President Donald Trump weighed in Wednesday on concerns that professional athletes and others among the well-connected are getting priority testing for the coronavirus.
The president was asked about the issue at a news conference Wednesday, a day after the Brooklyn Nets announced that three of their players who showed no symptoms were among an unknown number of team members tested for the coronavirus. Four tested positive, including the three who were asymptomatic, the team said.
"How are nonsymptomatic professional athletes getting tests while others are waiting in line and can't get them?" NBC News' Peter Alexander asked Trump. "Do the well-connected go to the front of the line?"
"No, I wouldn't say so," the president said. "But perhaps that's the story of life. That does happen on occasion, and I've noticed where people have been tested fairly quickly."
The exchange came after New York Mayor Bill de Blasio slammed the Nets on Tuesday for testing players who aren't sick.
"We wish them a speedy recovery. But, with all due respect, an entire NBA team should NOT get tested for COVID-19 while there are critically ill patients waiting to be tested," de Blasio tweeted. "Tests should not be for the wealthy, but for the sick."
The mayor's criticism came less than 20 minutes after the team disclosed that four players had tested positive, including the three who showed no symptoms.
The Nets didn't immediately respond to an inquiry Wednesday into specifics about how many in the franchise were tested and by what laboratory.
NBA spokesman Mike Bass on Tuesday defended teams' getting coronavirus tests, considering that some players had tested positive last week.
"Public health authorities and team doctors have been concerned that, given NBA players' contact with each other and close interactions with the general public, in addition to their frequent travel, they could accelerate the spread of the virus," Bass said in a statement.
Teams started working with local public health officials after they were advised in a memo March 7 to find private testing facilities, a source familiar with the matter told NBC News. Among the specialists the league consulted were Dr. David Ho, a renowned AIDS researcher, and Dr. Vivek Murthy, the former surgeon general.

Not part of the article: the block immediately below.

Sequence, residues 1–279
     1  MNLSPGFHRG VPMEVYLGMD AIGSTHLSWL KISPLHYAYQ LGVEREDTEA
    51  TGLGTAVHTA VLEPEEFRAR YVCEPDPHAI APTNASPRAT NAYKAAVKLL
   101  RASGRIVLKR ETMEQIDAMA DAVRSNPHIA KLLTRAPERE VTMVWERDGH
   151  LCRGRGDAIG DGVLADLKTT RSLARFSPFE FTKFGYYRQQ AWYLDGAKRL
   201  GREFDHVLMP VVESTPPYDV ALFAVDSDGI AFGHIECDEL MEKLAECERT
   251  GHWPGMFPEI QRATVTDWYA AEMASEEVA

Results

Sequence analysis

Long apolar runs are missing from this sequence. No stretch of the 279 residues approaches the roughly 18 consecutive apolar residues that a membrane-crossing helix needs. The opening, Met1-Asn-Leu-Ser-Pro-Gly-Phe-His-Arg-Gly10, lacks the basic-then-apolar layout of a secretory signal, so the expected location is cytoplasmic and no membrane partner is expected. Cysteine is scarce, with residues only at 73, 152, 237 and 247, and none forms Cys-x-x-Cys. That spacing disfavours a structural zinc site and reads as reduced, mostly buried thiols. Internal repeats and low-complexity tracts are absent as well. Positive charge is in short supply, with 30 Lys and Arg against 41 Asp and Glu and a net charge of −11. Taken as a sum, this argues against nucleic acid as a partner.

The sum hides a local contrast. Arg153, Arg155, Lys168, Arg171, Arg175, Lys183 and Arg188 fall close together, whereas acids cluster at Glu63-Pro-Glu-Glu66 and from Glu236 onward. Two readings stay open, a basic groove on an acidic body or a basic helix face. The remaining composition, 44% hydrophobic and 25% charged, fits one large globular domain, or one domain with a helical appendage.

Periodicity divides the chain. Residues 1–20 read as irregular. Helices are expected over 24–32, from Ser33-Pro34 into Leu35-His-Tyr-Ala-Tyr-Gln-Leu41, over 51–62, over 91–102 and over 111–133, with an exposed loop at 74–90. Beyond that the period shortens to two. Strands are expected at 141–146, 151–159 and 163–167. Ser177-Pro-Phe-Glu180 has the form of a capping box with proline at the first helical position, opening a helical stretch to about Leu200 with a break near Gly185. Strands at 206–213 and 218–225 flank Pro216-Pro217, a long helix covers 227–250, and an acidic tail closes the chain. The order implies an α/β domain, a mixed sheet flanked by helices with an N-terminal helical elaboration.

Some teams have doctors on staff who are affiliated with testing facilities, but the NBA also advised teams to have arrangements in place.
About 59,000 tests for coronavirus had been conducted across the nation as of Wednesday afternoon. The U.S. population is over 320 million.
New York City Health Department guidelines state that the agency "strongly recommends against testing persons with mild illness who can be safely managed at home, unless a diagnosis may impact patient management."
The Nets said in Tuesday's statement that all players and members of the team's travel party are being asked to remain isolated, closely monitor their health and maintain constant communication with the franchise's medical staff.
Kevin Durant, one of the league's biggest stars, is one of the four Nets players who tested positive, he told The Athletic on Tuesday. He was among the three who were asymptomatic, the website reported.
"Everyone be careful, take care of yourself and quarantine," said Durant, who described himself as feeling fine. "We're going to get through this."
The NBA abruptly suspended its season March 11 after Utah Jazz center Rudy Gobert tested positive for COVID-19, the disease associated with the coronavirus. Gobert's teammate Donovan Mitchell and Christian Wood of the Detroit Pistons were also revealed to have tested positive last week for the coronavirus.
There were more than 6,200 confirmed cases of coronavirus in the U.S. and at least 112 people had died in the outbreak by early Wednesday afternoon.
As of Wednesday morning, 2,382 people had tested positive in New York state, an increase of more than 800 since Tuesday, Gov. Andrew Cuomo said at a news conference. In New York City, 1,339 people have tested positive.
By Janelle Griffith